The services that a society requires for its proper functioning are based on critical supply infrastructures such as energy, water, transport, telecommunications, banking and health systems, among others. A cyber-attack on any of these critical infrastructures may result in failure or disruption of their operation. The direct consequences in the environment where the impact occurs are very high. It causes serious economic losses, in addition to endangering human lives or affecting the environment. The importance of safeguarding and protecting this type of infrastructure is paramount. It is essential to take actions that mitigate risk and protect the assets that are part of them and that we call critical infrastructures.
What are critical infrastructures?
A critical infrastructure (official term used by the Administration) is all those physical and information technology facilities, networks, systems and equipment that support the operation of a society’s essential services. Their operation is indispensable and does not allow for alternative solutions. Their disruption or destruction would have a serious impact on the services that society requires for its proper functioning.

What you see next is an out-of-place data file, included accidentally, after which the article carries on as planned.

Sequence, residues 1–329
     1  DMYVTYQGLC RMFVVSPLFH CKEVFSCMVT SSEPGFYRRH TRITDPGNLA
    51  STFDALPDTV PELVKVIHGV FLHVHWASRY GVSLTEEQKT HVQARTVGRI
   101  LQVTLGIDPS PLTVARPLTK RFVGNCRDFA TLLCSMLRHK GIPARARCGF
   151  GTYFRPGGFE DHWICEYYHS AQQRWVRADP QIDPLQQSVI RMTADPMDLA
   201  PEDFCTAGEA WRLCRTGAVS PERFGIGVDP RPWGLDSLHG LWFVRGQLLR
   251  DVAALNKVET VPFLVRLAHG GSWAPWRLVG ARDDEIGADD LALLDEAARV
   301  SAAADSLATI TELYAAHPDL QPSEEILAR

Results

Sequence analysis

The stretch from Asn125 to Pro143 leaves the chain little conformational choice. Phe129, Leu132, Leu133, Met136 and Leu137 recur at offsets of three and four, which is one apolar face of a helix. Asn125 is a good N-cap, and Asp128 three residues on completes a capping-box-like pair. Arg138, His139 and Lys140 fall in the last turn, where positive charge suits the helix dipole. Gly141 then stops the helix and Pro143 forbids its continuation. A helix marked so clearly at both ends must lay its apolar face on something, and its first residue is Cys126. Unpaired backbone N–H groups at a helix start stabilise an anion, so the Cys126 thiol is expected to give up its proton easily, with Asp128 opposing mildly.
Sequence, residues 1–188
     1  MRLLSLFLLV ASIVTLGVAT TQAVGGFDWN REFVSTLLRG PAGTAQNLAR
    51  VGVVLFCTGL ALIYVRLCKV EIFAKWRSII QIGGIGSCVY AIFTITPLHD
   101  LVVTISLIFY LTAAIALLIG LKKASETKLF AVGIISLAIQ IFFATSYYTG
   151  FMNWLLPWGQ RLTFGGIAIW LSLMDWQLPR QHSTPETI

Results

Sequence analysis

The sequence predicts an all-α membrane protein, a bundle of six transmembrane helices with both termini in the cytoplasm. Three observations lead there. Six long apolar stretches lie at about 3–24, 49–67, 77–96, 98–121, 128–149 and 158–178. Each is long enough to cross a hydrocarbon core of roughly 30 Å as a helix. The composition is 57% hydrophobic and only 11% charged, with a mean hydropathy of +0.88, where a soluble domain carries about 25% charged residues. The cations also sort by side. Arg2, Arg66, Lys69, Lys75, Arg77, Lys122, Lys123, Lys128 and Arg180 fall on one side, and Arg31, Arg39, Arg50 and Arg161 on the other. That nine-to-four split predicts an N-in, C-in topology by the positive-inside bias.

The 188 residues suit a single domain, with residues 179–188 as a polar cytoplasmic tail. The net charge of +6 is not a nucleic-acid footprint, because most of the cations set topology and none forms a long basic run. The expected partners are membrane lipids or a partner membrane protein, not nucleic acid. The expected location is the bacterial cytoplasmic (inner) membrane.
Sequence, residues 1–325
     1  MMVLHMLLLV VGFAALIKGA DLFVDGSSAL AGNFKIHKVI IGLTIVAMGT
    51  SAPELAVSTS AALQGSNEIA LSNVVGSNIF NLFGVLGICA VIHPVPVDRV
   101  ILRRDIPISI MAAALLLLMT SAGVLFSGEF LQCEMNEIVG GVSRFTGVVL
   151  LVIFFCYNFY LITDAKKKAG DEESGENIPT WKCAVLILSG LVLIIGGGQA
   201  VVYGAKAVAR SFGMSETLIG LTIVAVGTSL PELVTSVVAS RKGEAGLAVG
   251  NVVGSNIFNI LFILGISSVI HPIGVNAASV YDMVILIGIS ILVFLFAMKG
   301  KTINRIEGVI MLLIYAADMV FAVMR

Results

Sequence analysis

For an infrastructure to be determined as critical, the Ministry of Interior, through the Secretary of State for Security, classifies an infrastructure as strategic and, where appropriate, as critical infrastructure or European Critical Infrastructure, as well as including it for the first time in the Catalogue.
In Spain, the National Centre for Critical Infrastructure Protection (CNPIC) was established in 2007. This body is responsible for the promotion, coordination and supervision of all policies and activities related to the protection of Spanish critical infrastructures and cybersecurity. It is responsible for registering, deleting and modifying infrastructures in the Catalogue, as well as determining the criticality of the strategic infrastructures listed therein.